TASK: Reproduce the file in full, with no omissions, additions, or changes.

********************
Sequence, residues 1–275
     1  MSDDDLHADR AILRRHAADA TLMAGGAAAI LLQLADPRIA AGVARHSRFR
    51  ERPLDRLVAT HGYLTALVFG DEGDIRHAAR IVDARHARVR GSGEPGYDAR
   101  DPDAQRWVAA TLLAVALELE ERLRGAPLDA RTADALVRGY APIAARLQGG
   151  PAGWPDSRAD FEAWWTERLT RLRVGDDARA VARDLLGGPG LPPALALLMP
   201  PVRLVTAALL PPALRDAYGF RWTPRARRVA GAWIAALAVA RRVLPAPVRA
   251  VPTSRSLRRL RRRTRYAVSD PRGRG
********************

Sequence, residues 1–275
     1  MSDDDLHADR AILRRHAADA TLMAGGAAAI LLQLADPRIA AGVARHSRFR
    51  ERPLDRLVAT HGYLTALVFG DEGDIRHAAR IVDARHARVR GSGEPGYDAR
   101  DPDAQRWVAA TLLAVALELE ERLRGAPLDA RTADALVRGY APIAARLQGG
   151  PAGWPDSRAD FEAWWTERLT RLRVGDDARA VARDLLGGPG LPPALALLMP
   201  PVRLVTAALL PPALRDAYGF RWTPRARRVA GAWIAALAVA RRVLPAPVRA
   251  VPTSRSLRRL RRRTRYAVSD PRGRG